Monday, August 16, 2010

Eat, Pray, Love, KILL!

This weekend I witnessed baffling explorations into different aspects of the human psyche in cinema… and I’m not even talking about Inception again.

In ancient Greek mythology, a young man named Tiresias found two snakes getting it on, prodded them with a stick, and immediately transformed somehow into a woman

I am not making this up.

After ten years living as a woman (and even having kids), he nudges the banging snakes again and turns back into a man. Zeus then asks Tiresias which gender has more fun during sex.

Again, not making this up. Seriously!

Tiresias answers that women have it better, so Hera (Zeus’ wife) gets angry and blinds him. As a consolation, Zeus gives the sorry guy prophetic foresight.

I went through a similarly cathartic experience this weekend. First, I was invited—by a woman—to see the film The Expendables, which features every good action hero since 1975 sans Carl Weathers, who is philosophically obligated to never be in action films again after playing an aged golfer in Happy Gilmore.

Come to think of it, Steven Seagal and Jean-Claude Van Damme need to fire their agents. Or learn how to act a few decades into their careers.

Then, as a “double feature”, I viewed the new feminist journey Eat, Pray, Love starring Julia Roberts, a non-stoned James Franco, and the guy who kills people with a cattle bolt pistol in No Country For Old Men.

The Reviews:

The Expendables may qualify as a psychological bait-and-switch. Going into this movie, my inner monologue was screaming with excitement “Jet Li, Mickey Rourke, AND Bruce Willis can’t all have signed on for a bad movie!" I tried to ignore the thought that Stallone sometimes misses the “good idea” target. Ok, let’s face it, Rocky V was like aiming a missile at Iran and hitting Paraguay.

As the movie began, I slowly realized that I had been duped by my love of timeless classic flicks like Die Hard (Bruce Willis), Sin City (Mickey Rourke), and Spy Kids 3: Game Over (...Sylvester Stallone…) into seeing a bizarre smorgasbord of awkward dialogue, 2-dimensional characters, “fourth-wall” breaking jokes about Schwarzenegger wishing he was President, and Rocky Balboa’s probable need for a wheelchair ramp up to the Philadelphia Museum of Art the next time around.

The film never allows itself to amount to much more than 80’s action-movie nostalgia porn. All that being said, death came to the bad guys in all manner of explosion, incineration, shooting, stabbing, and neck-breaking, which is what the audience is there to see. The gladiators onscreen did not fail to deliver what they were ultimately there to do: kill Eric Roberts.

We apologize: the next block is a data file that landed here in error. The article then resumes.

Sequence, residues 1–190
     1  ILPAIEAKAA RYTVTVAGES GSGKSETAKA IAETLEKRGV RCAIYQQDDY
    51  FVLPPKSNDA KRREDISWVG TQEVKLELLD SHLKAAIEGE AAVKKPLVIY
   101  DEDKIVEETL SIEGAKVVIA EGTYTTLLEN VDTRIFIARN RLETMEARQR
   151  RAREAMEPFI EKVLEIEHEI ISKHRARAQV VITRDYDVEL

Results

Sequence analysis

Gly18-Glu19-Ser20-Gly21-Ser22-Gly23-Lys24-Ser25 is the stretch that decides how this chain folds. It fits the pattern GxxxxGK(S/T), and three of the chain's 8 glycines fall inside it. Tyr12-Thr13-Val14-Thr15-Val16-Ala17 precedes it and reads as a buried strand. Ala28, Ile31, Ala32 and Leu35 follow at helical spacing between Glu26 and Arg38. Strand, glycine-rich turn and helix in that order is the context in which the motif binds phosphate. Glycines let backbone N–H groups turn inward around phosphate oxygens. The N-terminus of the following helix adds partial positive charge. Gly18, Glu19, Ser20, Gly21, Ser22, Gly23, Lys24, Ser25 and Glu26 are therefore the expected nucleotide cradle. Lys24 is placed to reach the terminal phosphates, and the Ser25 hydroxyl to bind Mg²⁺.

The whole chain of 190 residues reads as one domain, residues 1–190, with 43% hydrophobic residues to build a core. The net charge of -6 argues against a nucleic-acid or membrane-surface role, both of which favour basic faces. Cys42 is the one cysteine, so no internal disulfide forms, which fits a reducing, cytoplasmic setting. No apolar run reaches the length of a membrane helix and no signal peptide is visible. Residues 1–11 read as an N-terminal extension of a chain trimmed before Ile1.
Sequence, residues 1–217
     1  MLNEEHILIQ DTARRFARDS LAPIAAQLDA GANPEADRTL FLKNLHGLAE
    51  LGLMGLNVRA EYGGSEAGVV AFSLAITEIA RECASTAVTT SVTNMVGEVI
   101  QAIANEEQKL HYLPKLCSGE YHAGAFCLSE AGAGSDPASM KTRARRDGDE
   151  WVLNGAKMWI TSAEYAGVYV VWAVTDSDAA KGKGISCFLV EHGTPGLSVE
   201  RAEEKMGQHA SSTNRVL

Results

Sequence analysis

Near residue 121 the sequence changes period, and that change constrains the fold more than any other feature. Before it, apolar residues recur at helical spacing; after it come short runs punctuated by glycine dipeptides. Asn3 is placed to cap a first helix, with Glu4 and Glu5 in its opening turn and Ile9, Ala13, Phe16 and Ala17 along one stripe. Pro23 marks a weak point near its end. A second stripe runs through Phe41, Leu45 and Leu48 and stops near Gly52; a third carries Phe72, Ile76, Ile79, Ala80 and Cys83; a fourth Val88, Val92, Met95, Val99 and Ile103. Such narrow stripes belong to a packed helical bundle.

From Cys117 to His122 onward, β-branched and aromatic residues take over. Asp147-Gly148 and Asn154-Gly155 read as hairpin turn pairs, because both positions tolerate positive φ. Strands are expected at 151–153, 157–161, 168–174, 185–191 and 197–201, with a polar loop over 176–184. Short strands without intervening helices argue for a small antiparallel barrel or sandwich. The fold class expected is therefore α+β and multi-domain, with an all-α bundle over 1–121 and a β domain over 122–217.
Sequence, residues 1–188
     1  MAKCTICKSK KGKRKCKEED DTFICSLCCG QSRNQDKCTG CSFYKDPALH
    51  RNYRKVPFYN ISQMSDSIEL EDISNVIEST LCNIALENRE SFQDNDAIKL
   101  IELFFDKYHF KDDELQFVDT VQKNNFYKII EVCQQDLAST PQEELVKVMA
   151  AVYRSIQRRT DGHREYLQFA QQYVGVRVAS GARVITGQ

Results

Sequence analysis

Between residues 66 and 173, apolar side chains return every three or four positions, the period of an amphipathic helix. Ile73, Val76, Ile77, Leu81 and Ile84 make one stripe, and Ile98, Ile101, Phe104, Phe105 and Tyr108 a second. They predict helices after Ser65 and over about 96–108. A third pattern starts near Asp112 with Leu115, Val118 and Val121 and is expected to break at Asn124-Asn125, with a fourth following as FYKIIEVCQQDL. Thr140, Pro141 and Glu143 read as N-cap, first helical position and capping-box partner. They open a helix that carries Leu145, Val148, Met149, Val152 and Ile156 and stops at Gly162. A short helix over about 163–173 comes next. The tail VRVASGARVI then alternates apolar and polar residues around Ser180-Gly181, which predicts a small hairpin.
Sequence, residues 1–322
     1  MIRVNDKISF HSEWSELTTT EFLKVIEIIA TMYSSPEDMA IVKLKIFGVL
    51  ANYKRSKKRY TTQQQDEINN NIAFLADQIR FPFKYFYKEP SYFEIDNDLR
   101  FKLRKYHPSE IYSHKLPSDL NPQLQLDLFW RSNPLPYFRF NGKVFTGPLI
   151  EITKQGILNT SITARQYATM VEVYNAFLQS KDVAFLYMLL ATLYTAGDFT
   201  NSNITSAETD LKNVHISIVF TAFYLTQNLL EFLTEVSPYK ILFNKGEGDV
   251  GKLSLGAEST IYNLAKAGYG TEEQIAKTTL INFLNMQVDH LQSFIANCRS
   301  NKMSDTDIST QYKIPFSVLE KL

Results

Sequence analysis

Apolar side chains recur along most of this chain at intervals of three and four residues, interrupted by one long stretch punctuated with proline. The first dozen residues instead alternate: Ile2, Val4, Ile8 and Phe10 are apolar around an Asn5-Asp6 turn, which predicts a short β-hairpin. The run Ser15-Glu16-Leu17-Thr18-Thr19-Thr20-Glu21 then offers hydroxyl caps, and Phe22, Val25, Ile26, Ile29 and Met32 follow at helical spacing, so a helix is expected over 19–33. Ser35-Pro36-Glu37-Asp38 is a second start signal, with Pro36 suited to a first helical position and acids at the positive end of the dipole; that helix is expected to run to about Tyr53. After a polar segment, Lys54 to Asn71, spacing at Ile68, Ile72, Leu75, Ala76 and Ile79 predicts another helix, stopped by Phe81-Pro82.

Pro: Lines of dialogue that allow “bullets” to make targets explode.

Con: The film is like an entire Chinese buffet that’s been put into a blender and served as a milkshake: the ingredients are delicious but the combination isn’t.

Speaking of Eric Roberts, his sister was the star of the other film, Eat, Pray, Love.

Eat, Pray, Love is a journey through a discontent female writers’ decision to go on an existential journey after her divorce by travelling to Italy, India, and Indonesia (she was on an “I” streak in more ways than one).

Of course, having just wrapped up The Expendables, my most immediate thought was exactly this: “Good lord. What’s the point of a film with no explosions?” Unfortunately, I am not a soulless, and true to form I eventually got sucked into the emotional journey the protagonist was experiencing, and even salvaged a vague taste of whatever the spiritual thoughts presumably are in the book. Italian food looks delicious, toothless old men from Bali are cute, and movie audiences have malleable emotions. There were tears, sighs, and even a few kids who quickly bolted out as soon as they realized that it wasn’t Scott Pilgrim Versus the World in this theater.

Pro: Javier Bardem has a better haircut

Con: James Franco doesn’t fight Spiderman

Final Thoughts
In the end, it’s hard to say which one of these two films was better. Ultimately I think that the hardcore action-movie aficionados are harder to please than the romantic comedy filmgoers. So Eat, Pray, Love probably has it a little easier than The Expendables to please its target audience.

Crap. Now I’m blind.

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